Rebecca Morgan Frank on Memorious

Tell me about the creation of Memorious. When and how and why was it conceived?

Memorious was co-founded in 2004 by Rob Arnold, Brian Green, and me. We hoped Memorious would bridge the worlds of the longstanding print magazines we had learned to love from literary Boston, such as Ploughshares and Agni, and the magazines of our own generation, like The Believer and the new online magazines that were leading the way on the web, such as Blackbird. By 2008, Brian and Rob had both moved on to other projects, and I continued on with the help of some wonderful new staff members.

What makes Memorious different from other places to encounter poetry on the internet?

In the beginning, people really noticed us for our design: we wanted to carve out a new place for ourselves with a unique and clean design that was easy to navigate and that would appeal to those who preferred the page.

Now we are possibly the only literary magazine producing and publishing art song, although I believe the Cincinnati Review is following in our footsteps a bit on this. We just completed our fourth Art Song contest, for which we bring in a guest composer who selects a winning poem or set of poems to set as art song. The work is then performed and recorded for the issue. Our last concert was at the Poetry Foundation in Chicago, and this year's concert will be in the U.K., in Nottingham, thanks to our newest guest composer, Elizabeth A. Kelly. Bringing poets and composers together has been a magical process, and our archives now hold a rich collection of art song based on the work of our previous winners.

We also have an enthusiastic commitment to emerging writers; a good percentage of our contributors are often people on the brink of a first or second book. Investing in writers early on in their careers is a bit like betting on horses, except it is a bet that keeps paying off: there's a lot of celebration of the victories that come, even years out. Every year I compile a list of some of the contributors' forthcoming books for our blog's Anticipated Books lists of the New Year, and throughout the year I try to document contributor successes on social media, and I'm always floored by their work, and how it's nearly impossible to keep up with it all! Because of this investment, I think, contributors often tell me that Memorious feels like a community of its own.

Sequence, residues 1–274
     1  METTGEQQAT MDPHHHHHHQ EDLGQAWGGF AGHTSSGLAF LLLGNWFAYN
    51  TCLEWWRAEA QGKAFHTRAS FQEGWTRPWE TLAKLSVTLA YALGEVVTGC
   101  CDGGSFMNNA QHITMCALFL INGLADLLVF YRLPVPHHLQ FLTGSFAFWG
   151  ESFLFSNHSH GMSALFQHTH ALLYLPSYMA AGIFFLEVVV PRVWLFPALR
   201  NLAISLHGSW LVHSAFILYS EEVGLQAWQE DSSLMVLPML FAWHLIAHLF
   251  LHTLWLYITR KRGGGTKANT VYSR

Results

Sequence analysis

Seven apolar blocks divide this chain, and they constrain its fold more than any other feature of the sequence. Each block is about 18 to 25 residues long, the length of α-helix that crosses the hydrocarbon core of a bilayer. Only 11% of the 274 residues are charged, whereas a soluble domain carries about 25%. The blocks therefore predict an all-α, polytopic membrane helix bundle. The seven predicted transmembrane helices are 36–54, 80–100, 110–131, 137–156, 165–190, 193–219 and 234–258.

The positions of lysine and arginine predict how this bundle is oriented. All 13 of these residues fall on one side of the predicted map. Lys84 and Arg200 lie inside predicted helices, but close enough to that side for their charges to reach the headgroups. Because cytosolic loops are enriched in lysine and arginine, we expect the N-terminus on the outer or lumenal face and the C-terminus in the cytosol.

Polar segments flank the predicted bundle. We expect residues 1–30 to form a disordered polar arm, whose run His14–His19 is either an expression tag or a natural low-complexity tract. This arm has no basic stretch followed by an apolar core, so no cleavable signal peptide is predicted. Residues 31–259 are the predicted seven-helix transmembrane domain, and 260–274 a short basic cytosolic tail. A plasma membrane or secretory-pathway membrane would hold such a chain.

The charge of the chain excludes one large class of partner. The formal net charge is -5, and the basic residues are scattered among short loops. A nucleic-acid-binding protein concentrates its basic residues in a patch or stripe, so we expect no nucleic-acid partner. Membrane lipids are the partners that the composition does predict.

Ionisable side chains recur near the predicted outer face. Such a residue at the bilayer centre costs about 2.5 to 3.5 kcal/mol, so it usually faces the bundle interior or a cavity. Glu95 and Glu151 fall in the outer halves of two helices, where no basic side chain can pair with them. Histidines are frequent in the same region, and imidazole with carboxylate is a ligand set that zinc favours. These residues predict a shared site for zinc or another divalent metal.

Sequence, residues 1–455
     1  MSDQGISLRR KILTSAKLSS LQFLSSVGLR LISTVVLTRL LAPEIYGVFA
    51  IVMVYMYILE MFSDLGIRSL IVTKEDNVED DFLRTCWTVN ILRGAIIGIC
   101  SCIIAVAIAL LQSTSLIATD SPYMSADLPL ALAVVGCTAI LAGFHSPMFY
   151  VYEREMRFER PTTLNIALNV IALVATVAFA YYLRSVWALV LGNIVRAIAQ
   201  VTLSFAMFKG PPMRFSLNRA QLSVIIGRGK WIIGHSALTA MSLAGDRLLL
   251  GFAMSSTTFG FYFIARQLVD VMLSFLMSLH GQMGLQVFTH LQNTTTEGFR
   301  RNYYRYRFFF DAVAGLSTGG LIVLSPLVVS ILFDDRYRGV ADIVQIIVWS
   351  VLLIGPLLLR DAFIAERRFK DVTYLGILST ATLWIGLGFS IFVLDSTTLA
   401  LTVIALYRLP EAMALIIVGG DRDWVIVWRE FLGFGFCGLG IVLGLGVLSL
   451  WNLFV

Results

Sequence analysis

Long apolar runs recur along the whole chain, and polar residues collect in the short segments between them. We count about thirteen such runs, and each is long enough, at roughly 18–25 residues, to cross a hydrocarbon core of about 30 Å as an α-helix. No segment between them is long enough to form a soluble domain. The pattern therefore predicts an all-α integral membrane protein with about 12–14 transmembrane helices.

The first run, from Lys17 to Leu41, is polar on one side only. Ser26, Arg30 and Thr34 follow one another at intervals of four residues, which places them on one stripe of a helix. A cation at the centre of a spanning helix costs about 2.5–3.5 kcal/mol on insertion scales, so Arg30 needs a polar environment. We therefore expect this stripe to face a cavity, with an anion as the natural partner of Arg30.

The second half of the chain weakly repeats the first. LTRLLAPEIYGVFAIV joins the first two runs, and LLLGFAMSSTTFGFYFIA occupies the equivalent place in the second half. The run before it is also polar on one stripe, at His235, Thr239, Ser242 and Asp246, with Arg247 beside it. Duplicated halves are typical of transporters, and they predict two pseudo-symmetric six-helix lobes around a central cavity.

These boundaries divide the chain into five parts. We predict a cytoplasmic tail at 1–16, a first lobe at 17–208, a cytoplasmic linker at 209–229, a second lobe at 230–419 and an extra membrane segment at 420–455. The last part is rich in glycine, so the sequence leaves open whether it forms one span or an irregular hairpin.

What is something that you have recently published that really excited you, and why?

Our slush pile selection is so outstanding that I am lucky to get to publish a lot of poetry that I am genuinely excited about– it feels impossible to pick any poet from the last two issues. But I do love Carly Joy Miller's poem "Why You Tried to Drown" from Issue 24–reading it makes me eager to see what her first book will be like. I am also grateful to have had the chance to publish some poems from Gail Mazur's newest collection, Forbidden City. And Kent Shaw's poems in the newest issue, Issue 25, delighted me when they came into my inbox–his work is so refreshingly surprising and original to me. And I'm always really excited about Kiki Petrosino's work. I could go on and on!

What should someone submitting work to Memorious know about the site?

Our poetry submissions are generally all read by two poetry readers and our assistant poetry editor, and then a percentage of that work gets passed on to me for the final decisions. The poetry staff is so thoughtful in their reading: I would want contributors to know that while we take a long time with submissions, it really is because we are really spending time with the work and because I am building each issue as a whole. The majority of the poems and stories we publish come from open submissions.

What other literary sites, journals, or broadcasts, online or print, are your go-to?

Guernica is one of my enduring favorites online. As for print, Southern Indiana Review and 32 Poems are two places that are publishing terrific poetry these days. I spend a lot of time on Harvard's Woodberry Poetry Room site, from their Listening Booth to the Vocarium– I could spend days on there, listening. And the Poetry Foundation site has become an essential part of my life as a professor. I love seeing what my students discover when browsing through that massive and diverse collection of poems.

 

 

 
 

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